January 22, 2019

Grub2 Worms Into Ubuntu (part 1) - page 2

Why Switch, GRUB2 Structure

  • February 11, 2010
  • By Akkana Peck

Configuring Grub2

Ubuntu 9.10 uses Grub2 1.97 beta4. (Yes, "grub two" is version "one point something." No, it doesn't make sense to me either.) Be aware of that when following Grub2 howtos. Grub2 is still changing: later versions are somewhat different.

The old grub was configured primarily through the file /boot/grub/menu.lst. Grub2 replaces that with /boot/grub/grub.cfg -- but the file begins with an ominous DO NOT EDIT! It's still a text file, but any changes you make to it may be overwritten in the next security update. Don't risk it.

grub.cfg is generated by running the program update-grub, which assembles information from scripts in the directory /etc/grub.d. It also pulls a few settings from /etc/default/grub, like the timeout, resolution, boot defaults like "quiet splash" and so forth.

Some of the scripts in /etc/grub.d/ search for other operating systems, like Windows. They also scan your /boot directory for kernels and your disk for any partition that looks like a Linux root partition, and will add entries for all possible combinations.

That's not necessarily what you want -- on my system, with 8 kernels and three root partitions, it generated 56 entries! You can simplify that menu a lot with a little editing.

Custom boot menu entries

Let's start with custom entries: say you want to boot a particular kernel using a specific root partition.

Entries like that go in /etc/grub.d/40_custom. Anything in this file will be safe: it won't be overwritten by system updates.

What should custom entries look like? Start by copying sections from /boot/grub/grub.cfg. But watch out: not all of the automatic entries actually work.

For instance, if you have a separate /boot partition, grub expects kernels to have names like /vmlinux--2.6.31-14-generic. But the grub2 scripts will create some entries with filenames like /boot/vmlinux--2.6.31-14-generic -- note the extra /boot.

And some of the disk entries it generated were wrong. Sometimes it set the root as (hd0,2) when it should have been (hd0,1). In grub2, (hd0,1) means the first partition on the disk: the same thing (hd0,0) used to mean in the old grub. Very confusing.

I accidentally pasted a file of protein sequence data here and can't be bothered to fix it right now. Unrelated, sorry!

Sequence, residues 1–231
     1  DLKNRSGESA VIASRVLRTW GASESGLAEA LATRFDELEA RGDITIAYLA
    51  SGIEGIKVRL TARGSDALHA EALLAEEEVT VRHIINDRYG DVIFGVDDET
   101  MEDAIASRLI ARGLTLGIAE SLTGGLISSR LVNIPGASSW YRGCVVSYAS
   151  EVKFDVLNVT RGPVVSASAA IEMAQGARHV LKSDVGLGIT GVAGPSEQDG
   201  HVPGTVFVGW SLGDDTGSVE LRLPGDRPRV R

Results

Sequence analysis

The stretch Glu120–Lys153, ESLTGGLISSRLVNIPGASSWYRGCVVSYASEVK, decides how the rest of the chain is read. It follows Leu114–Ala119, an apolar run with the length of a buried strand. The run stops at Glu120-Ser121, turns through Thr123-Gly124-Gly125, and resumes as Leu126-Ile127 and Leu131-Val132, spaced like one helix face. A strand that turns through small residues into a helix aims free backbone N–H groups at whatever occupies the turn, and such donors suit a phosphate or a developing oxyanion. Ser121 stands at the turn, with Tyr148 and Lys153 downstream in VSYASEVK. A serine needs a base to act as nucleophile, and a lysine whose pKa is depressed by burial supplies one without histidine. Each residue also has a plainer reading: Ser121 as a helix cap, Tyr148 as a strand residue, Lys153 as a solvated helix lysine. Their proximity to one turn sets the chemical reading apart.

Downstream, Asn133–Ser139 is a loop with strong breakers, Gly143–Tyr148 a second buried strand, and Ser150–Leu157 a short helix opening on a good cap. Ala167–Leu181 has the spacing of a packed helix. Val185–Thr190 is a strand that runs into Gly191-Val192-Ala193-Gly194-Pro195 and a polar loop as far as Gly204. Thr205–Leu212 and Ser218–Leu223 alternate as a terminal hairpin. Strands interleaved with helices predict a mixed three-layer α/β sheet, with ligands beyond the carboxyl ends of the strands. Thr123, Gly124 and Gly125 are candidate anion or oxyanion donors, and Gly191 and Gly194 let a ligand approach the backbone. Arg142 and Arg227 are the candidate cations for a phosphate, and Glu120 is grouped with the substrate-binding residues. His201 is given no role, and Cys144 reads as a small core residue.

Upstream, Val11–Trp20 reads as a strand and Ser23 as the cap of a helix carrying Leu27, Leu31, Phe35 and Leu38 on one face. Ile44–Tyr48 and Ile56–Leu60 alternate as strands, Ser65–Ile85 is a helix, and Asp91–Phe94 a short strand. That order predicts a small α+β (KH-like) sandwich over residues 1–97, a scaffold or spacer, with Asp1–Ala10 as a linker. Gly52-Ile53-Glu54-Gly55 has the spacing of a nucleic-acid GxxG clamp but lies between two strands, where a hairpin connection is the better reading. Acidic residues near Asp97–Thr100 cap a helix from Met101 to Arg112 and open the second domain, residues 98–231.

I also found some disks specified with the wrong UUID, so check UUIDs against ls -l /dev/disk/by-uuid -- or replace with straightforward disk names like /dev/sda5.

Here are some examples that worked for me:

# A copy of the working entry generated by the 9.10 installer:
menuentry "Karmic, Linux 2.6.31-14-generic" {
        if [ -n ${have_grubenv} ]; then save_env recordfail; fi
        set quiet=1
        insmod ext2
        set root=(hd0,1)
        search --no-floppy --fs-uuid --set 3743d321-76a0-428d-77da-43214b06444e
        linux   /vmlinuz-2.6.31-14-generic root=UUID=2da2322b-92dc-2433-bbf4-4b564456a821 ro
        initrd  /initrd.img-2.6.31-14-generic

# Simpler entry to boot Lucid lynx alpha:
menuentry "Lucid, sda2" {
    insmod ext2
    set root=(hd0,1)
    linux /vmlinuz-2.6.32-12-generic root=/dev/sda2 ro
    initrd /initrd.img-2.6.32-12-generic

# Simple entry to boot Jaunty using a static kernel with no initrd:
menuentry "Jaunty kernel, sda5" {
    insmod ext2
    set root=(hd0,1)
    linux    /vmlinuz- root=/dev/sda5 ro

Anything you add to 40_custom will appear at the end of the grub2 menu. But scripts in grub.d are executed in numeric order. If you want some custom entries at the beginning of the menu, create a new file with a name like 09_early, copy 40_custom to it and add your entries there.

When you're finished making changes, be sure to run update-grub. Otherwise grub2 won't see your changes.

In the next installment, I'll talk about some other options you can configure, and how to troubleshoot problems when they arise.

Akkana Peck is a freelance programmer whose credits include a tour as a Mozilla developer. She's also the author of Beginning GIMP: From Novice to Professional.

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